On the Pareto Type III distribution

    Get PDF
    This short note analyzes the distributional properties of Pareto Type III random variables. We introduce a three parameters version of the orignal two parameters distribution proposed by Pareto and derive both the density and the characteristic function. The analytic expression of the inverse distribution function is also obtained, together with a simple series expansion of its moments of any order. Finally, we propose a simple statistical exercise designed to show the increased reliability of the Pareto Type III distribution in describing asymptotically dumped power-like behaviors.Pareto Distribution, Fat Tails, Power Law Distribution, Zipf Law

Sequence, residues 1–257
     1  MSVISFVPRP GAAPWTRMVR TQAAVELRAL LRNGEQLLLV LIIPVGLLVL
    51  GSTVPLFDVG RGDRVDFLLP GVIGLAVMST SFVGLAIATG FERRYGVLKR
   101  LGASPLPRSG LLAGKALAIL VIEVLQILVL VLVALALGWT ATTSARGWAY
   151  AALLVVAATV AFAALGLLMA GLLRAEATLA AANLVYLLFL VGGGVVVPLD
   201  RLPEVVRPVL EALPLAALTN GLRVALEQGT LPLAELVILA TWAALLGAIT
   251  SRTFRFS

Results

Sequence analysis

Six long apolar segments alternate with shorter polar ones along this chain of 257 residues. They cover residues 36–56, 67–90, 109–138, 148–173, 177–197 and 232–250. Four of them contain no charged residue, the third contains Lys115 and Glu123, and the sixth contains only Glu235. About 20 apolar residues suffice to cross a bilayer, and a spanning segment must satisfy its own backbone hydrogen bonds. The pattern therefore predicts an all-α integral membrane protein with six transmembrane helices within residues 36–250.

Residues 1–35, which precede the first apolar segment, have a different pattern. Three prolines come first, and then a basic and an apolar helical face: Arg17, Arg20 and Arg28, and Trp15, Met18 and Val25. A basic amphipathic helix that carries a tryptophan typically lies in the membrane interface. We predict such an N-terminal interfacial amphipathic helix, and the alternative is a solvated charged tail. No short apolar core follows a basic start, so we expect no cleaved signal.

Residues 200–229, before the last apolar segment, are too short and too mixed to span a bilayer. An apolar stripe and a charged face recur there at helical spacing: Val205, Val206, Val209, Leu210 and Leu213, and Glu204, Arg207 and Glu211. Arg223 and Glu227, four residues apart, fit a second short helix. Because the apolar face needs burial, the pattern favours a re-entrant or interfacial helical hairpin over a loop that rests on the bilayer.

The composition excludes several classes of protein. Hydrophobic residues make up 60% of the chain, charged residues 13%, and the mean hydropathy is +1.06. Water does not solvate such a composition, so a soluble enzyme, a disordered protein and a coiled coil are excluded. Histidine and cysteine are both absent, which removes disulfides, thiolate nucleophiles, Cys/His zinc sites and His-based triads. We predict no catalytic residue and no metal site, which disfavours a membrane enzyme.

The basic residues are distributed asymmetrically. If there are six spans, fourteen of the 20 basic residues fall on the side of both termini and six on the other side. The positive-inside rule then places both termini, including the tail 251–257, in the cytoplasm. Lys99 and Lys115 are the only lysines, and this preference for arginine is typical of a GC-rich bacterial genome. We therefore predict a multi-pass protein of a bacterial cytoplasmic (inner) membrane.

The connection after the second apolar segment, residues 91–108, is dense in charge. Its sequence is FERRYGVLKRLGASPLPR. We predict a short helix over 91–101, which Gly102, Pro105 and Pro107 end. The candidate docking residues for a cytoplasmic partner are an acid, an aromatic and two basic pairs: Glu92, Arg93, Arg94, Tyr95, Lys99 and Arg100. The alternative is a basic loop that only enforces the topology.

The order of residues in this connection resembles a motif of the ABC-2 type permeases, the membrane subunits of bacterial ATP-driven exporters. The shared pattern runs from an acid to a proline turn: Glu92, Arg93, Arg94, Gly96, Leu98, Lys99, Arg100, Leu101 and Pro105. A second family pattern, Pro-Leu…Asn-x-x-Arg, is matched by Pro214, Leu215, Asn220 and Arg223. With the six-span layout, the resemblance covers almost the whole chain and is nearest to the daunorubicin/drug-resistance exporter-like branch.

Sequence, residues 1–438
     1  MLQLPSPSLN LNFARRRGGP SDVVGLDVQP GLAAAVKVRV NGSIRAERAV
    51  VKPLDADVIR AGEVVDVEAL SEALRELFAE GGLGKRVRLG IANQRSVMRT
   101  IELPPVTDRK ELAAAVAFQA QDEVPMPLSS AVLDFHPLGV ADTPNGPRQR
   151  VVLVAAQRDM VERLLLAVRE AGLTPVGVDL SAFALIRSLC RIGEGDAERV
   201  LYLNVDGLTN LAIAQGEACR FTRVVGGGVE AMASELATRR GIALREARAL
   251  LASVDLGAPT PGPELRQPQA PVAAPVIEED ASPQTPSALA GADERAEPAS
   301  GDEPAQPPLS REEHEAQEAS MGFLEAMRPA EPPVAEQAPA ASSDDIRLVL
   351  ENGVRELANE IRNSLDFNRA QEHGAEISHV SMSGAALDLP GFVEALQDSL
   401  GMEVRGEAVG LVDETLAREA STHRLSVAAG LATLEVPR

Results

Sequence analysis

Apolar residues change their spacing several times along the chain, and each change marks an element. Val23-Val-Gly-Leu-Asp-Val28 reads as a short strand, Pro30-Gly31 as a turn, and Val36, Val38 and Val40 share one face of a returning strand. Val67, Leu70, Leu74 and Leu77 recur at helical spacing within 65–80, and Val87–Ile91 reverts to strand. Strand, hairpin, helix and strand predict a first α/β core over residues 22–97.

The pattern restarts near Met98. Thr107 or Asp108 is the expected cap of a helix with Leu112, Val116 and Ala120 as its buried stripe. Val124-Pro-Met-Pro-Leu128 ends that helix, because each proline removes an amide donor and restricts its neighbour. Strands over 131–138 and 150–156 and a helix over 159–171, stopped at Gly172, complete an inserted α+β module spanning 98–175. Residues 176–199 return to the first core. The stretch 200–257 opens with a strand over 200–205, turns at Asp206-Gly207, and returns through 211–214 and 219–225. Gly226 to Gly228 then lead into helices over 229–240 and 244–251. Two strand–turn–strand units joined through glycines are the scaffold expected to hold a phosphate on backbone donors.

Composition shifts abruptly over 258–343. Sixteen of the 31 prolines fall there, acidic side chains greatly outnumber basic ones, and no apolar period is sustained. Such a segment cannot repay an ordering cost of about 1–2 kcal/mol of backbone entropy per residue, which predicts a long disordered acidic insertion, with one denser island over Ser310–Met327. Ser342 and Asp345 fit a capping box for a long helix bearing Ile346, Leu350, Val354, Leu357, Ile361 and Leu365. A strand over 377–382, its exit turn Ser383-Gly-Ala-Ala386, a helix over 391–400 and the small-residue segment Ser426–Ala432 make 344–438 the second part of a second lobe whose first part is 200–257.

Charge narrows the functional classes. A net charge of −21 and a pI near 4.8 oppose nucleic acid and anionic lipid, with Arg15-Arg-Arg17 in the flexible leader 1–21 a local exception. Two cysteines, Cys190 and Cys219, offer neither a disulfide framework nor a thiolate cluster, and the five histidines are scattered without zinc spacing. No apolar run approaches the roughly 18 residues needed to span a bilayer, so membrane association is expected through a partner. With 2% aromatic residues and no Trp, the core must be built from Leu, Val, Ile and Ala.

On the relationship between firms' size and growth rate

    Get PDF
    Since the seminal work of Pareto, many empirical analyses suggestedthat the distribution of firms size is characterized by an asymptoticpower like behavior. At the same time, several investigations showthat the distribution of annual growth rates of firms displays aremarkable double-exponential shape. Recently it has been suggestedthat both these statistical properties can be explained by assuming abivariate Marshall-Olkin power-like distribution for the size of firmsin subsequent time steps. Through analytical investigation, I showthat the marginal distribution of growth rates implied by thisassumption does not possess, in general, a Laplace shape and becomesdegenerate when subsequent size levels are perfectly correlated. Assuch, the bivariate Marshall-Olkin distribution is unable to properlyaccount for the observed regularities. The original suggestion isfaulty as it treats firm size levels as stationary stochasticvariables and neglects their integrated nature.Firm Growth

    On the Laplace Distribution of Firms Growth Rates

    Get PDF